In San Francisco, excitement is building for Robert Dekker’s Post:Ballet, a small and relatively new company with all the markings of professionalism. I attended their fourth annual home season program, Four Plays, at the Yerba Buena Center for the Arts on July 19, 2013.
From my entrance into the building (from which quite a long line of eager audience members snaked into the street), it was clear that one of Dekkers’ strengths, and certainly intentions, is collaboration. Black and white photographs of dancers, by Daniel O’Neill, hung suspended in a grid in the lobby, all shape, shadow, and skin. In front of this display, small statues encapsulated the art form in yet another medium. These detailed figures, sculpted by Jeffrey Zygmunt, had elongated limbs and were entombed in a series of postures. In the program, it was stated that the postures represented the movement vocabulary for the evening’s final presentation, field the present shifts.
This theme of collaboration continued from the first rise of the curtain to its final descent. I had come not only to see dance, but rather a curated conversation organized by a choreographer. In the first piece, Colouring, a simple formula constituted this conversation. Two dancers, a man and a woman, would walk towards each other and perform a fragment of a partnering phrase, adding a single movement each time. For a sustained moment, they would hold whatever shape they ended up in, and then they’d walk away from each other again. Between each repetition, a man dressed in black would take a small bucket and paintbrush and add on to a landscape he was simultaneously creating across three large white panes. His strokes were quick and fat, and the landscape was soon filled with unusual shapes resembling small, quirky homes and trees. Meanwhile, an electric cellist seated downstage left looped phrases, similarly contributing his own add-on component.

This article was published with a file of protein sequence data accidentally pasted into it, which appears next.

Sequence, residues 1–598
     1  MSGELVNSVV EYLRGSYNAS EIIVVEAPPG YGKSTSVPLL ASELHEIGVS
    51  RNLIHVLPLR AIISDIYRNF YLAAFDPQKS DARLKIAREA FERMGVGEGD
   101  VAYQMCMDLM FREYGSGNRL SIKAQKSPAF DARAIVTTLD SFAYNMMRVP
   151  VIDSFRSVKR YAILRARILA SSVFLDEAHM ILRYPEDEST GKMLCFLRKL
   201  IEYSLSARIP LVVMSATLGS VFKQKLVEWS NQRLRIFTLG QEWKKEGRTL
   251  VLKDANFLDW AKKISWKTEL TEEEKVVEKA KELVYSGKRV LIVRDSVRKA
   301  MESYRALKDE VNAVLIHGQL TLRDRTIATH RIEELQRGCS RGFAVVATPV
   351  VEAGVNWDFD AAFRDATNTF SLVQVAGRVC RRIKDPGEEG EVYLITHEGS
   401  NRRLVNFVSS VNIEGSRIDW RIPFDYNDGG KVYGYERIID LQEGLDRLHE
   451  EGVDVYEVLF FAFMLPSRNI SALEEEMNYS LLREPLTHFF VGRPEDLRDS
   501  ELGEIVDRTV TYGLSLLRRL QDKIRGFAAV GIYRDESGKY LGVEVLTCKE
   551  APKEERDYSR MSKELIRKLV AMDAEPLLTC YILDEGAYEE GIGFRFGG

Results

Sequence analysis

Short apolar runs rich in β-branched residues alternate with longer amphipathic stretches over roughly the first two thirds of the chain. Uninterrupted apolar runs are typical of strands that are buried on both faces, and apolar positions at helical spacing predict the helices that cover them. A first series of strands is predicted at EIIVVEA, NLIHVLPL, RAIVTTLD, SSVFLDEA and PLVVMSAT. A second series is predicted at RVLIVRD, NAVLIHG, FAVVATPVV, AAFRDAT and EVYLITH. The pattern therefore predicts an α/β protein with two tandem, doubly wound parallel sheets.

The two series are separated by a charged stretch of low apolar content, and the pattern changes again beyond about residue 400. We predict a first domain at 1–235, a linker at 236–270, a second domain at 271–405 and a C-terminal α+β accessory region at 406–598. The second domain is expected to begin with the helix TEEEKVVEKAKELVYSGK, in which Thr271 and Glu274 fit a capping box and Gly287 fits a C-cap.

There were a few exciting moments in the choreography here, and I appreciated Dekkers’ ability to open up the creative process onstage, without taking away from performance quality. Even with some variation, the accumulative effect became predictable, and after a while I longed to see the phrase performed all the way through with no stops; however, my companion, a layperson, found this part captivating throughout.
A surprising ending and the collaborative nature of the work were what rescued this piece from banality. Throughout the opening sequence, a photographer had been standing just in front of the stage, and as the dancers were exiting, her photographs of them in various poses flashed across the backdrop, larger than life. It summarized the work in a flipbook-type way, and it also brought to mind the ephemeral nature unique to dance. Nowhere could the choreography be kept except in bodies or minds, yet the paintings and photographs that had been created remained as a document of what can never be fully contained.